Cookson makes masks to help protect public
Cherokee Nation citizen Brooklynn Cookson, right, and her sister Sarah Cookson sew masks at their home during the COVID-19 pandemic to help others stay safe. They have made more than 300 masks. COURTESY
Shown are several double layer cotton masks sewn by Cherokee Nation citizen Brooklynn Cookson and her sister Sarah Cookson. COURTESY
Cherokee Nation citizen Brooklynn Cookson models a mask she made. She and her sister have made and donated more than 300 masks to essentials workers and individuals during the COVID-19 pandemic. COURTESY
TAHLEQUAH – While Oklahoma is re-opening the state in phases during the COVID-19 pandemic, with the Cherokee Nation making similar plans, the need for personal protective equipment is still in demand, and many people who can sew are making fabric face masks so others can stay protected.
CN citizen Brooklynn Cookson began sewing masks with her sister Sarah Cookson in April, and together they have sewn more than 300 masks, and are making more.
“We started making masks to simply help,” Brooklynn said. “COVID-19 has affected everyone in some way, and it has made many people feel helpless, but we found it important to utilize a skill that our late grandmother, Glenda McCollum, taught us in order to help. It has been really special to use her old sewing machines and fabric to make masks and donate them because we know if she was here, she would be doing the same thing.”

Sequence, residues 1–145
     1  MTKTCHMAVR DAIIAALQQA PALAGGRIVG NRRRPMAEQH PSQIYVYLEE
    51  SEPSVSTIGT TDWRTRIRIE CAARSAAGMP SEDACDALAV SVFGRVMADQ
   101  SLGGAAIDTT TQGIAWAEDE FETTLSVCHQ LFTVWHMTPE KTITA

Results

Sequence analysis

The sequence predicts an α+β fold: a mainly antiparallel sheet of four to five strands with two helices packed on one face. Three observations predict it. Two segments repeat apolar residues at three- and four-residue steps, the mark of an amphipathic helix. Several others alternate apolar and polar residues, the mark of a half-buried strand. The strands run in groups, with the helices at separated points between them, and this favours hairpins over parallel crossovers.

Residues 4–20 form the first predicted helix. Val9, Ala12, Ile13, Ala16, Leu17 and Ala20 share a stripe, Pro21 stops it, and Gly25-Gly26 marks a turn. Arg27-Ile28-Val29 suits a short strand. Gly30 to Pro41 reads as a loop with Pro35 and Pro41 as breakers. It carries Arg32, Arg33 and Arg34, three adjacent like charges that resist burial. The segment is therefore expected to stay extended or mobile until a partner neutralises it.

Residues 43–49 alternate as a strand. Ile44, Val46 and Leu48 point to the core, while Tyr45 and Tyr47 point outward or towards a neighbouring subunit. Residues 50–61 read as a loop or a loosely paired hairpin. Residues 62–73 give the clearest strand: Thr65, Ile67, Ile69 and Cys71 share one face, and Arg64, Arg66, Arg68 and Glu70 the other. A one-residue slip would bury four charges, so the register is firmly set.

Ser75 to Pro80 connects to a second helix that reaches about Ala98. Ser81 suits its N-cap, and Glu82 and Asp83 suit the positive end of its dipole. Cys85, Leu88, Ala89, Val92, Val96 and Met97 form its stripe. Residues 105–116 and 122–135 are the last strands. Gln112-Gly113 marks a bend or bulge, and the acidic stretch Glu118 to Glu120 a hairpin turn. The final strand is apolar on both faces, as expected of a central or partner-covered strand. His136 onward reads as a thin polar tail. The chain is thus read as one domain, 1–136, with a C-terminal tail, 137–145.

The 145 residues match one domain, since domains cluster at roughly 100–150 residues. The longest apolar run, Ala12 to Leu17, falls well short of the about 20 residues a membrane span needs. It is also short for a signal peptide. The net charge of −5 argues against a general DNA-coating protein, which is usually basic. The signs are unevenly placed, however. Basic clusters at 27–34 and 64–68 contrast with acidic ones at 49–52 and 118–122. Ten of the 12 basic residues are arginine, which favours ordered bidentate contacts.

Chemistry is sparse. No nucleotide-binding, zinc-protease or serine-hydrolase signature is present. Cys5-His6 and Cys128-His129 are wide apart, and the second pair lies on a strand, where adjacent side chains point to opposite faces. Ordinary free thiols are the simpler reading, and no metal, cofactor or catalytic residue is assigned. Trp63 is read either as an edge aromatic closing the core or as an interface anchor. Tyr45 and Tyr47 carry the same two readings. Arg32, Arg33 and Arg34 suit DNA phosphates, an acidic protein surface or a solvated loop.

Brooklynn said she knows of the PPE shortage, especially for essential workers.
“We found it critical to help during this time due to the shortage of PPE and the seriousness and extent of the virus,” she said. “We wanted to donate masks to help people who could use one in order to protect their health and the health of others, and hopefully curb the spread of the virus.”
Brooklynn said they are making masks upon request as well as creating a stockpile in case people ask for them. She added there is no charge to receive a mask.
“We aren’t trying to profit off of this, we just want people that have to be out for essential trips to do it safely,” she said.
Brooklynn said they have donated masks around Cherokee County, but are also helping businesses and individuals in areas such as Stilwell, Muskogee, Checotah, Locust Grove, Fort Gibson, and have shipped masks to nurses in Tulsa; Fayetteville, Arkansas; and Dallas.
“We have donated several to hospital staff, Cherokee elders, restaurant workers and other businesses that are essential during this time, medical personnel, the VA (Veterans Affairs) hospital staff and community members in need,” she said.
Brooklynn said she and her sister took materials that belonged to their grandmother and made double layer cotton masks with a pocket for filters.
“The filter adds another layer of protection and has been highly recommended by medical professionals we have talked to,” she said. “We used a 1900 3M air filter with virus and bacteria protection in our personal masks.”
With the rise in mask making, materials such as elastic are in high demand and can scarcely be found on store shelves.
“We also started out using elastic in our masks so that they could be easily put on and taken off around the ears, but due to the high demand of elastic right now, once we ran out we could not find any more,” Brooklynn said. “So, we started cutting up unwanted T-shirts we had around our house and stretching them to make ties that go around the ears.”
She said she encourages others during this time to help in any way they can. “If you can help someone in any way, I would encourage you do that. Whether it is leaving a meal on someone’s porch that is in need, donating fabric to help people make masks, picking up groceries for an elder, or simply sending an encouraging message to a nurse or someone who needs a little sunshine in their day, I would highly encourage you to do that.”
Brooklynn said if people needing masks can contact her on Facebook or email firstname.lastname@example.org